- Procainamide Hydrochloride Injection, USP (Currently in Shortage)
- Sumatriptan (ZECUITY®) Iontophoretic Transdermal System (Discontinuation)
October 17, 2017
- Cromolyn Sodium Inhalation Solution, USP (Currently in Shortage)
October 16, 2017
- Midodrine HCl Tablets (Discontinuation)
New Drug Recall and Safety Alerts
Injectable Products by SCA Pharmaceuticals – New Drug Recall Alert – October 21, 2017 – SCA Pharmaceuticals LLC (“SCA Pharmaceuticals”) is voluntarily recalling various lots of injectable products to the hospital level. The is a potential for the products to contain microbial contamination. See the recall notice for a full list of products. Read more.
Octagam® [Immune Globulin Intravenous (human)] 10% liquid preparation] – New Drug Recall Alert – October 16, 2017 – Octapharma USA Inc., is initiating a voluntary market withdrawal of one lot of Octagam® [Immune Globulin Intravenous (human)] 10% Liquid Preparation], in the interest of public safety. This market withdrawal is being performed as a result of an increased number of reports of hypersensitivity events. All cases resolved without serious injury. Read more.
New First Time Generic
No new updates.
Clinical and Pharmacy News
Patients with Rheumatic Diseases Bail on Biosimilars – October 24, 2017 – Almost one-quarter (24 percent) of patients with rheumatoid arthritis, psoriatic arthritis or ankylosing spondylitis who switched from infliximab (Remicade) to its biosimilar CT-P13 discontinued the biosimilar by six months, primarily for subjective reasons, Dutch researchers found. Read more.
Independent Pharmacies Adding Patient Care Services, Products – October 23, 2017 – Independent pharmacies are expanding the scope of services they offer, partly to absorb lower reimbursements for dispensing prescription medications, according to the 2017 National Community Pharmacists Association (NCPA) Digest. Read more.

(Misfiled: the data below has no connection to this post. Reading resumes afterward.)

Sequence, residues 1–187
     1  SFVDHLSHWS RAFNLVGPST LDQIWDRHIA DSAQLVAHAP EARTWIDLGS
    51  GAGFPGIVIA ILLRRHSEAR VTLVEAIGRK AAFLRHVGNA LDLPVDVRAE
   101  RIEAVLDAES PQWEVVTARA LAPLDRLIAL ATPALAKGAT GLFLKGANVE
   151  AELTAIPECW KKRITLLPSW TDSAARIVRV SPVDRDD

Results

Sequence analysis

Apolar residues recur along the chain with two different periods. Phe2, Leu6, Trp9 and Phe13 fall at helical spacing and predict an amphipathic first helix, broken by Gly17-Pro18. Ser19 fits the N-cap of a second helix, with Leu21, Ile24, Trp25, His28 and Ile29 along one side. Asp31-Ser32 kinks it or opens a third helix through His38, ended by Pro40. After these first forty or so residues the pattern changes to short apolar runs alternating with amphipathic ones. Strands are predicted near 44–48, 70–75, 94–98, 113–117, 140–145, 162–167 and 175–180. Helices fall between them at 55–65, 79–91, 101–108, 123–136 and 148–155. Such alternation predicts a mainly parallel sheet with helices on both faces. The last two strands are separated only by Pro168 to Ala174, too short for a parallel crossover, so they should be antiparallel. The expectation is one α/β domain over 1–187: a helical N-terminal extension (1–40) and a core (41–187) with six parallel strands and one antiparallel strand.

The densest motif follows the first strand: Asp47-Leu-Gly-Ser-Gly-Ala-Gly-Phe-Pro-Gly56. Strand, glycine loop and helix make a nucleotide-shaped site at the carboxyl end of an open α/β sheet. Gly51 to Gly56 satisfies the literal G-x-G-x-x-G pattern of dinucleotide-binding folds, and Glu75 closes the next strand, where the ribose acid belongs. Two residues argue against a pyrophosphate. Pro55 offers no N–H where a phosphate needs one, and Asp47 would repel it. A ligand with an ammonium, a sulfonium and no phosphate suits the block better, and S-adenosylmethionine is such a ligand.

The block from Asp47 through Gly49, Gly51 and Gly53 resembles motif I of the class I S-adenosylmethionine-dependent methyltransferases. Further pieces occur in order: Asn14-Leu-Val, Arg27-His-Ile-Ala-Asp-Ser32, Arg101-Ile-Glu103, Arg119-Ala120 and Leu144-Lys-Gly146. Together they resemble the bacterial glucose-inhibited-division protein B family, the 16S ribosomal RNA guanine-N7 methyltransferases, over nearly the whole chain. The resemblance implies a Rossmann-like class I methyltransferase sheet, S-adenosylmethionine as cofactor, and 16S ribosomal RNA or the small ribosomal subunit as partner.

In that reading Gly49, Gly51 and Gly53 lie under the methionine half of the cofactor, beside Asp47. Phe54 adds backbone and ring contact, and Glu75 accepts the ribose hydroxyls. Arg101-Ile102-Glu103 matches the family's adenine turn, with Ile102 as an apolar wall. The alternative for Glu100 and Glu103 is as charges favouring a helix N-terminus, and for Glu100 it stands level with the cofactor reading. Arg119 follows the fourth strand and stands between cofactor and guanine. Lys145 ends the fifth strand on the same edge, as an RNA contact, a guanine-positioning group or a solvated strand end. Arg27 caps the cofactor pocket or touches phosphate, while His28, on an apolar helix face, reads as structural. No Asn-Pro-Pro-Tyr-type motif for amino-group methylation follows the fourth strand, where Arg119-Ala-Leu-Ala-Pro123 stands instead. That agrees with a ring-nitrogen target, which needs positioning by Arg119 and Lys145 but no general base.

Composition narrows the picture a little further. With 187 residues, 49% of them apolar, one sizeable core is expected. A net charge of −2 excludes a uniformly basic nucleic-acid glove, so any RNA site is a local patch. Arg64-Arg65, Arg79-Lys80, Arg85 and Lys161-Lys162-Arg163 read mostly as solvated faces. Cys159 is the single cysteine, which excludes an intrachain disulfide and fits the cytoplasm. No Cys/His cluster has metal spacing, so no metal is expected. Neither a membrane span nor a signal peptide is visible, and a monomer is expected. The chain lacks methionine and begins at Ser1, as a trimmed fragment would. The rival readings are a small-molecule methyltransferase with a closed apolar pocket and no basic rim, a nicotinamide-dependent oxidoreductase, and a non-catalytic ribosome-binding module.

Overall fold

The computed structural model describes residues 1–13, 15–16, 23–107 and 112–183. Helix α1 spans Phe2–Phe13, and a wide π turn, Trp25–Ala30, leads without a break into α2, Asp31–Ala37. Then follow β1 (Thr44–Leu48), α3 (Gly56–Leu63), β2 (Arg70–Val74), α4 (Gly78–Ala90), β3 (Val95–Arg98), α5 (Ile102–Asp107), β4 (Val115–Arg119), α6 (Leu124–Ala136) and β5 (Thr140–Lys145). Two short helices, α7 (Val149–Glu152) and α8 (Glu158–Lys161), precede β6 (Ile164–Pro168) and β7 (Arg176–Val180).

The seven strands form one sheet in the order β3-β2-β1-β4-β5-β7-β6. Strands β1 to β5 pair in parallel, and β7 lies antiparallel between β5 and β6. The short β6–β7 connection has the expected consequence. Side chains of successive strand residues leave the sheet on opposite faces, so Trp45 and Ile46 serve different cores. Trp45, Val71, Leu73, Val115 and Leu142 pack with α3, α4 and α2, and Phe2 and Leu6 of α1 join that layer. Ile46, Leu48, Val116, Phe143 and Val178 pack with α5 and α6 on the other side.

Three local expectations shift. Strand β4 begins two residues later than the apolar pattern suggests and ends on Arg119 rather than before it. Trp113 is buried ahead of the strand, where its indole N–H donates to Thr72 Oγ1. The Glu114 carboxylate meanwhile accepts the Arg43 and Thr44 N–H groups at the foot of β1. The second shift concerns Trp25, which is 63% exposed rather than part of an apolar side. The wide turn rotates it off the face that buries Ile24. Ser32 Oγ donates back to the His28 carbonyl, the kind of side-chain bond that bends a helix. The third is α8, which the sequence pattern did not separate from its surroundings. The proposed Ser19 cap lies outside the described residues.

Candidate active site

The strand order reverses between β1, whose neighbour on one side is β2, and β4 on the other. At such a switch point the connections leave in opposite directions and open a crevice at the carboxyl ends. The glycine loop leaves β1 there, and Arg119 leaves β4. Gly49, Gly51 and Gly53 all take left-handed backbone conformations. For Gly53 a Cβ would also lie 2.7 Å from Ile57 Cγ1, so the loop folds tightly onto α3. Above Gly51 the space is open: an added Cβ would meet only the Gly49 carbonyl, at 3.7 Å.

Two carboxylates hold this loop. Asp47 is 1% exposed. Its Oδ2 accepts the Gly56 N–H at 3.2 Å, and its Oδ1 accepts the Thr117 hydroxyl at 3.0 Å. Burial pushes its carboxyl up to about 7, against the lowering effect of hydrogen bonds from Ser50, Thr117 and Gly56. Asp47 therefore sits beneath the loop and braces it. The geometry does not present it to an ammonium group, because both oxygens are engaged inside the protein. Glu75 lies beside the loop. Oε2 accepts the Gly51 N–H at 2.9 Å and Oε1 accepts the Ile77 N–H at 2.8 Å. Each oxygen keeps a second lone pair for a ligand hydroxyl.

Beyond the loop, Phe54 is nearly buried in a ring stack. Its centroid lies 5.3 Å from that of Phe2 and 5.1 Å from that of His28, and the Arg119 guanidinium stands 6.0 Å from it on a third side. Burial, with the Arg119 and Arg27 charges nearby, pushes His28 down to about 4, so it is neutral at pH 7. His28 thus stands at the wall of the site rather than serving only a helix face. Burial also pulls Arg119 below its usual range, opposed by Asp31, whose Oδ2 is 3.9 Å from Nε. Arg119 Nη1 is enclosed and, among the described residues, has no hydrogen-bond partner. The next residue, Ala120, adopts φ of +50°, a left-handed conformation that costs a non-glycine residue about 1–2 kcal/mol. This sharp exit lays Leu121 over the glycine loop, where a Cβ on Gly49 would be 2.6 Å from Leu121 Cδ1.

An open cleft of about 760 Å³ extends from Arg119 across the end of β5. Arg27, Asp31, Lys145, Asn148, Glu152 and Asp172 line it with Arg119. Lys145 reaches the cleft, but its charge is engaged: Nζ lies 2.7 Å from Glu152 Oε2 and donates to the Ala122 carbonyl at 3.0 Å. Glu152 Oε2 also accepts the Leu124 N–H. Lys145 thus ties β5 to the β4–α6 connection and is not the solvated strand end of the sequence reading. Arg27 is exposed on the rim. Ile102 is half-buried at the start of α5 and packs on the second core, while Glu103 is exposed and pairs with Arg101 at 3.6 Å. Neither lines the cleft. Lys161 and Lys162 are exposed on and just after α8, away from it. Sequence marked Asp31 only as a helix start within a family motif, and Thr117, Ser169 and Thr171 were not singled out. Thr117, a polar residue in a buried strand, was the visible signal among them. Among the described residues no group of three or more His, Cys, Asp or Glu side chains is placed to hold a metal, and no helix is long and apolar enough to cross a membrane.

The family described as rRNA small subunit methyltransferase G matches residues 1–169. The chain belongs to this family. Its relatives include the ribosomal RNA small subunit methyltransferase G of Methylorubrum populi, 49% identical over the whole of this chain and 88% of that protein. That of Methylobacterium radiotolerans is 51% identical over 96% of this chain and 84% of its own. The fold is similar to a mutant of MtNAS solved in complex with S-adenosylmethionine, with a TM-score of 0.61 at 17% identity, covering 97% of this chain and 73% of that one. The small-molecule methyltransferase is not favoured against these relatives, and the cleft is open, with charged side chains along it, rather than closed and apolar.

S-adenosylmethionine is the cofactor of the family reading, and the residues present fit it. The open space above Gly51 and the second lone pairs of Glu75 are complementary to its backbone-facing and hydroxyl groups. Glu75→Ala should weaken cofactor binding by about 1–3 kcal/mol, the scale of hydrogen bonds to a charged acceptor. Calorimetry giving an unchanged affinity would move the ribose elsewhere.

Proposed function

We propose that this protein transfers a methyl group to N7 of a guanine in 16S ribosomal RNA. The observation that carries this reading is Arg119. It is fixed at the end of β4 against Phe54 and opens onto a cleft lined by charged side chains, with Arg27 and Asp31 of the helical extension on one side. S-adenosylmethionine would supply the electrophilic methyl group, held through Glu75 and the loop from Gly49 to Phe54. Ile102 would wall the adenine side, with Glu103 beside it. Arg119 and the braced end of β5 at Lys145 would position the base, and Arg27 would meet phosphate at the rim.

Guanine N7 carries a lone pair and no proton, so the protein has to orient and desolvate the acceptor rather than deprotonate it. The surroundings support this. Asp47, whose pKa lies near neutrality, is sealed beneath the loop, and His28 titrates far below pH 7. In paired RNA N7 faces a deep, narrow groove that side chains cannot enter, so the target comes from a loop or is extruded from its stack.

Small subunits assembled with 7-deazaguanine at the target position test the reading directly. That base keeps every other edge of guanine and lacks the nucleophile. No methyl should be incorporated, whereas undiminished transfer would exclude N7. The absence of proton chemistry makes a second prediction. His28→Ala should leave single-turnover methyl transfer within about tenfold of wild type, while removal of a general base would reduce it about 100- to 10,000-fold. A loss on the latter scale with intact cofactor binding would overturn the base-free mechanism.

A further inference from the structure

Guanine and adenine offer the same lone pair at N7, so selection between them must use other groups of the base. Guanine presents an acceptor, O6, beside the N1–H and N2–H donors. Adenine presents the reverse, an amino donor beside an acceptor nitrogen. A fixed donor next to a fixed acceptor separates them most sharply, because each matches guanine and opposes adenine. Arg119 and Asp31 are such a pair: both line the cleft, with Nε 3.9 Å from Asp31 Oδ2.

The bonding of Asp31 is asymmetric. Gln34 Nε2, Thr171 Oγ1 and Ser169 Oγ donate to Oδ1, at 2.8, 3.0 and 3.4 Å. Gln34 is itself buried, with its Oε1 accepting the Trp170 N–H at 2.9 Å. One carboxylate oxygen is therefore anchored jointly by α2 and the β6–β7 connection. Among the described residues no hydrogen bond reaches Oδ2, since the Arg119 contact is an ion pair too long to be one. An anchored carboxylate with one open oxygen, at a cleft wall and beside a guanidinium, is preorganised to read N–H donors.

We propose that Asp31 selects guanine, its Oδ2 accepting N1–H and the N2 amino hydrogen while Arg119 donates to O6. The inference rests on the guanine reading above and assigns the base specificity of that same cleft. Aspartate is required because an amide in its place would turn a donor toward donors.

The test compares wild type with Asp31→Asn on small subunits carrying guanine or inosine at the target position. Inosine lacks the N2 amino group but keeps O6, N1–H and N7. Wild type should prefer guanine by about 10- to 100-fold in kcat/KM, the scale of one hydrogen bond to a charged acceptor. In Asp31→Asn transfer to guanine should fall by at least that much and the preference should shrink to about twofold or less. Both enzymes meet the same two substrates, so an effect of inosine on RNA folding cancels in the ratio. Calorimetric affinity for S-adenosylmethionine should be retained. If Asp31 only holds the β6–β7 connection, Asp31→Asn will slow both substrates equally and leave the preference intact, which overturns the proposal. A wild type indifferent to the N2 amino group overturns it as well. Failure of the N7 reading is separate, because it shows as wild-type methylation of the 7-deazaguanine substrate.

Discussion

Here’s How Drug Companies Game the Patent System – October 23, 2017 – The Senate Health Committee held a hearing Oct. 17 about why prescription drugs cost so much and what might be done to make them more affordable. According to the committee’s website, the witnesses included a lobbyist for the pharmaceutical industry, a lobbyist for the pharmacy industry and a lobbyist for the pharmacy benefits-management industry. Read more.
Many Factors Driving Up Medicare Drug Premiums in 2018 – October 23, 2017 – Medicare drug premiums will rise next year due to many factors, including higher prices for specialty drugs, fewer drugs coming off patent, and the shifting of cost sharing to premiums, policy experts say. Average monthly Part D prescription drug plan premiums are expected to increase for the third year in a row, rising nine percent for 2018 to $43.48. Read more.